It's easier to earn a nickname like “Johnny Cash” playing receiver than on the defensive line.
But the defensive line is where Johnny Courtney lined up as a freshman after Lewisville's football team suffered mass suspensions following an on-field fight in 2014. There was Courtney, all 110 pounds of him.
Lions coach Will Mitchell never had any doubt about the decision. And Courtney justified his coach’s confidence by scooping a fumble and scoring a defensive touchdown.
“We knew he'd go where we told him to go as fast as he could,” said Mitchell. “Johnny is the epitome of a football player. The stuff inside of him, he is an old school, blue collar-kind of nasty, dirty football player.”
Courtney, now a sculpted 5-foot-5, 140-pound senior, moved to slot receiver and began returning punts his sophomore year. The nickname soon followed.
“When you give him the ball he's gonna make a play,” said Lewisville standout Quentin Sanders.
Courtney, who is resting a lower back injury during Lewisville’s preseason, is an often overlooked member of the Lions' senior class. Safety Mikial Fourney has a scholarship offer from Liberty, Sanders has offers from Marshall and South Carolina State and defensive lineman Josh Belk is widely known across the state as a future Clemson Tiger.
Johnny Courtney’s 2016 junior season highlights:
But Courtney is just as important to the Lions' chances of reclaiming the Region 2-A crown after winning 10 games last season.
“Work ethic, what he brings with his competitiveness and fire, which sometimes get him into a little bit of trouble, but he's a 100 miles per hour, 100 percent of the time-type guy,” said Mitchell.
Fourney and Sanders are two of Courtney's biggest backers. Courtney began playing football as a first grader and Fourney met him a few years later in fourth grade.
“It's crazy because I've watched Johnny grow into a great player,” said Fourney, who’s 6-foot-2, 180 pounds. “You can put him anywhere and he'll make a play.”
Sanders met Courtney in middle school and remembered how oversized Courtney's helmet looked atop his small frame.
“When we got to high school he just whole changed. He started playing receiver, he got fast and his routes are crisp,” said Sanders. “If he was a little taller he'd be a major D-I prospect.”
Johnny Courtney had over 1,000 yards of total offense and scored nine touchdowns in 2016.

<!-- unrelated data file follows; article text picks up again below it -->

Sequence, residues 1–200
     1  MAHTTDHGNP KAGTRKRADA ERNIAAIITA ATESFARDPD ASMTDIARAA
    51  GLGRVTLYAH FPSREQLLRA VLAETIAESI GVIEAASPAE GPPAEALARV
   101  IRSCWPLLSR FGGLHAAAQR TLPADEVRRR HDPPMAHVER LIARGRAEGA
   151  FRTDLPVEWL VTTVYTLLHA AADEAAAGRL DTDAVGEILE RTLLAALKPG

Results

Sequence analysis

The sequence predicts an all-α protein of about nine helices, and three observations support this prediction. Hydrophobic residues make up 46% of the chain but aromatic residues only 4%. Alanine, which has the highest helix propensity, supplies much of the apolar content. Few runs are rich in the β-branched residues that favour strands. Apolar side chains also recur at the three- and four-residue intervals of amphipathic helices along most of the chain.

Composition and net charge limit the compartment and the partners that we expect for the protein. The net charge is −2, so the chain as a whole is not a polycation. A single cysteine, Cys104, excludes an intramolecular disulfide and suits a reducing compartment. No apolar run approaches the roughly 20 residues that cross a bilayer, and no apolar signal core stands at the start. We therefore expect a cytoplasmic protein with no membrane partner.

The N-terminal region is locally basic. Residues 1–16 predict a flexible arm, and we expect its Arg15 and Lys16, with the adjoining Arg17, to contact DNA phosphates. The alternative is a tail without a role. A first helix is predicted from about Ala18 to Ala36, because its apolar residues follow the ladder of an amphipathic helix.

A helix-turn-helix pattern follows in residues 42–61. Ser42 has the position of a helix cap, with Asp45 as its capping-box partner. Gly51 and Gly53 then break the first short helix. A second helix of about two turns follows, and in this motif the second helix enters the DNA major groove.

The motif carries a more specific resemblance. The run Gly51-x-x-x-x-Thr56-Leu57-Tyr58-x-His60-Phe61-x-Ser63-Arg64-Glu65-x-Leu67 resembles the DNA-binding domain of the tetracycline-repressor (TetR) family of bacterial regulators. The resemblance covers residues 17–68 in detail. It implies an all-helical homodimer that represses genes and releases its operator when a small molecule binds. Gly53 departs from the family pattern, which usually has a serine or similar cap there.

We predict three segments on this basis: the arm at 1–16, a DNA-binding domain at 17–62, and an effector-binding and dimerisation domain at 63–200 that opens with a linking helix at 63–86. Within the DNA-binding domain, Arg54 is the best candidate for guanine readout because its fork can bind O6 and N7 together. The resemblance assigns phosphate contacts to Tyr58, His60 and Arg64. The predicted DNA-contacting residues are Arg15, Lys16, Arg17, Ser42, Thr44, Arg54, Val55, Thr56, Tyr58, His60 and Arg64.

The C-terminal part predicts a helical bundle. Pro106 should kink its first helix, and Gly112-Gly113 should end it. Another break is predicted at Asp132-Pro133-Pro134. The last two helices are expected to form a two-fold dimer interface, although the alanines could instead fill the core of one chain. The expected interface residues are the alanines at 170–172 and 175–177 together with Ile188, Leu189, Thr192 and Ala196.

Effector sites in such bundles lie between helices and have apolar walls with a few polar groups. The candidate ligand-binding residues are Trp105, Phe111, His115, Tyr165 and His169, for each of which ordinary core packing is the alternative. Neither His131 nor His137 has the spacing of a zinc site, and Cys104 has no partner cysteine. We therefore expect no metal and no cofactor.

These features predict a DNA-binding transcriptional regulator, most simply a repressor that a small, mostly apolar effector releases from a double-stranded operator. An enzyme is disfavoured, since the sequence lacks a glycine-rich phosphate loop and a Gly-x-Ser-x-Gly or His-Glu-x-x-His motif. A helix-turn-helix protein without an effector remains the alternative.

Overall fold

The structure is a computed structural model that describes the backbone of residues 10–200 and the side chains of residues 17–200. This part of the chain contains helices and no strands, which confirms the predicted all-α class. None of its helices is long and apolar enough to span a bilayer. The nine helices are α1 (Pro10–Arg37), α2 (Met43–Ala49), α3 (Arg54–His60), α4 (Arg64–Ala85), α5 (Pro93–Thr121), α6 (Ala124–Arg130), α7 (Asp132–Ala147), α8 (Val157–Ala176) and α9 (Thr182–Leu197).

Like most standout athletes of smaller stature, Courtney politely answered a reporter's questions about his size during Lewisville's team picture day earlier this week. He wore a gold chain with a cross around his neck and answered quietly.
He grew quieter when the conversation turned to his oldest brother, Jeremy, who died tragically several years ago from a heart attack. He was just 22 years old.
Jeremy got to see both of his brothers play for Lewisville, including middle sibling Josh, who graduated last year. He would have roared from the stands when Johnny crack-back blocked a Lamar player to spring a Sanders touchdown last fall. Courtney’s teammates certainly did.
Jeremy's death falls in the “uncontrollable” category, just like Courtney's height. He’s hoping for - but not expecting - a sudden growth spurt.
“I just go out there and play football. The game I love,” he said with a shrug. “I know it's a big factor but it's nothing you can really help.”
There are advantages too. Courtney’s low center of gravity enables him to cut and burst at what Mitchell called an “SEC level,” and he’s usually down on the ground before a tackler can deliver a crushing hit.
The hope at Lewisville is that 2017 isn't Courtney's last year playing organized football. He has a 4.5 grade point average and Mitchell would love to see some of NCAA Division III's better academic institutions take a look at Courtney.
“His film speaks for itself,” said Mitchell. “You just have to get over the size.”
“They're sleeping on him,” said Fourney. “Any college that gets him they're getting a hard worker. For his size he's athletic. Whoever gets him, they're getting a diamond in the rough.”
Sanders was more succinct in his verdict of Courtney, one that he would share with any college coach that asked: “he's a hell of a player.”
2017 Chester County Football Jamboree
The ninth annual Chester County Football Jamboree is Friday, Aug. 11 at Chester High School. Tickets cost $6 and SCHSL passes will be accepted.
6 p.m. Lancaster vs. Columbia (Ga.)
7 p.m. Great Falls vs. Franklin Christian
8:15 p.m. Lewisville vs. Garinger (N.C.)
9:15 p.m. Chester vs. Clover